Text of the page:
IA is the armature current

>> Brushless DC Motors

Three phase ac power is converted into dc by the input side of the motor to charge up a bank of storage capacitors

These capacitors are called the Buss

The purpose of the buss is to store energy and supply dc power to transistors in the output side as the motor requires the power to start up

Figure 13-21, page 264 shows the input power section

It consists of three fuses, six diodes, a choke, and two capacitors

The fuses protect the diodes

The choke protects against line transients

The motor control may run at very low speeds at very high torques while drawing little current from the ac line

This picture is a representation of the encoders (rotor part of the motor) telling the corresponding transistors (stator) to turn on in order to get maximum torque from the motor


>> Motor Control Starters

Motor will draw high inrush current while the starter will slow current down

Starter reduces the amount of torque needed to start the motor


>> Magnetic Motor Starter

Normally open contacts

Not always possible to control amount of work applied to the motor

Has overloads

–Motor may be overloaded resulting in damage to the motor

–Open due to excessive motor current, high temperature, or a combination of both

>> Full-Voltage Starter

Contains one set of contacts

Motor is directly connected to the line voltage


>> Reversing Motor Starter

Contains two starters of equal size

Two starters connect to the motor

Interlocks are used to prevent both starters from closing their line contacts at the same time

Figure 14-4A

>> Reduced-voltage Motor Starter

Applies a percentage of the total voltage to start (50% – 80%)

After motor rotates, switching is provided to apply full voltage

Torque will be reduced when starting

Four types:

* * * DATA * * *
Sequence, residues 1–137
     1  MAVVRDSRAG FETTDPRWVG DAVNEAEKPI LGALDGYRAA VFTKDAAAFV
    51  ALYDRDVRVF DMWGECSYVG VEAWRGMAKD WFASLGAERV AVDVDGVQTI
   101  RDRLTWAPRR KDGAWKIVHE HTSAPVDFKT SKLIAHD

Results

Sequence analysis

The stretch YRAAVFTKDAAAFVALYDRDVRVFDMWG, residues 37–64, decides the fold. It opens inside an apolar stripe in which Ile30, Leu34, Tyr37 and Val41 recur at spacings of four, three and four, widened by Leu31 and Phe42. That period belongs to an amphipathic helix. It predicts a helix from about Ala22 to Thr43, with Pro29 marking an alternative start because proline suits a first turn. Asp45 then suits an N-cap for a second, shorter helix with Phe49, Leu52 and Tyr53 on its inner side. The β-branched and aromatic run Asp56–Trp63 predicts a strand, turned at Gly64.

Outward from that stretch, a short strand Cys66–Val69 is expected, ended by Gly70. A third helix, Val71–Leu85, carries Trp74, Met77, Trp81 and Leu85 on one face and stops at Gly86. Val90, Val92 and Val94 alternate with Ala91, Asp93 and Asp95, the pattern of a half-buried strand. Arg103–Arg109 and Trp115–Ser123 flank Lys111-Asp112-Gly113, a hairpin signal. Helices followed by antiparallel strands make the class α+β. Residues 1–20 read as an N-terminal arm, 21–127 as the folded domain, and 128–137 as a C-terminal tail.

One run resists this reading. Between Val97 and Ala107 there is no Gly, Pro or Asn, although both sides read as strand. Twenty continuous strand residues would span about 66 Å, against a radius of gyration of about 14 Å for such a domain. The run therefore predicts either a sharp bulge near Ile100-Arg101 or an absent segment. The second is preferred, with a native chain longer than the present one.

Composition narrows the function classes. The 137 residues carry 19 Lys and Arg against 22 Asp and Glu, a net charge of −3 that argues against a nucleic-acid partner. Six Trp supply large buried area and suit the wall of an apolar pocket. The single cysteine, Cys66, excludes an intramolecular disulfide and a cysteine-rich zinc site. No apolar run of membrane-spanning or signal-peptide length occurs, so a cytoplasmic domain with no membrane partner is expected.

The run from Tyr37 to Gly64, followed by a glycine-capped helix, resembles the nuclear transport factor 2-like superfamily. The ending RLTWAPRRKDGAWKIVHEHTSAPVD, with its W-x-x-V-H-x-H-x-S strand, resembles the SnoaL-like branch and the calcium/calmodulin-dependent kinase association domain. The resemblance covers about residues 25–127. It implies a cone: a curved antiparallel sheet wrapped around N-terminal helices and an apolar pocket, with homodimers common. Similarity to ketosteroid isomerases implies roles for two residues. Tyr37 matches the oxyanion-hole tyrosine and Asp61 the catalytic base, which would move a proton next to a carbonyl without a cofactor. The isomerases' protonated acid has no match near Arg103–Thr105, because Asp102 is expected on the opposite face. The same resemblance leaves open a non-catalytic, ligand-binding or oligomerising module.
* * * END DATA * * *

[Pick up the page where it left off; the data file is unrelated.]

1) Autotransformer

2) Primary Resistance

3) Wye – Delta

4) Part Winding

>> Autotransformer Starter

Two contactors are used:

1) Start contactor

– Closes first and connects motor to the line

through an autotransformer

– Deenergizes

2) Run contactor

– Motor switches to this contacter which has

full voltage

>> Primary Resistor Starter

Two contactor

1) Line contactor

– First to energize connecting motor to the

line voltage through a resistor

– After preset time, contactor opens

2) Accelerating contactor

– Energizes

– Causes smooth acceleration to full voltage

>> Wye – Delta Starter

Three contactors are used

1) Line contactor and start contactor

– Energizes first and connects motor in wye

putting about 58% of line voltage across

each motor phase

– Contacts open after preset time

2) Run contactor

– Energizes connecting motor in delta and

putting full voltage on the motor

>> Part Winding Starter

Starter supplies about 48% of normal starting torque

Not truly a reduced-voltage means

Two Types

1) Two-Step – one winding connected to

full voltage line and, after a preset time,

the other connects

2) Three-Step – one winding is connected in series

with a resistor to the voltage line; after interval, resistor

is shorted out and then second line is connected to

full voltage line

>> Solid-State Motor Starter

For lower starting torque and smooth acceleration

Used on conveyors, pumps, compressors, etc.


>> Standard Modes of Operation

Motor voltage gradually increases during acceleration

Creates a kick start pulse of 500% of full load amperage for high friction

Used when necessary to limit current

Used when motor requires a full voltage start

Source : Erik Redd & Jeremy Roberts, Motors & Motor Starters.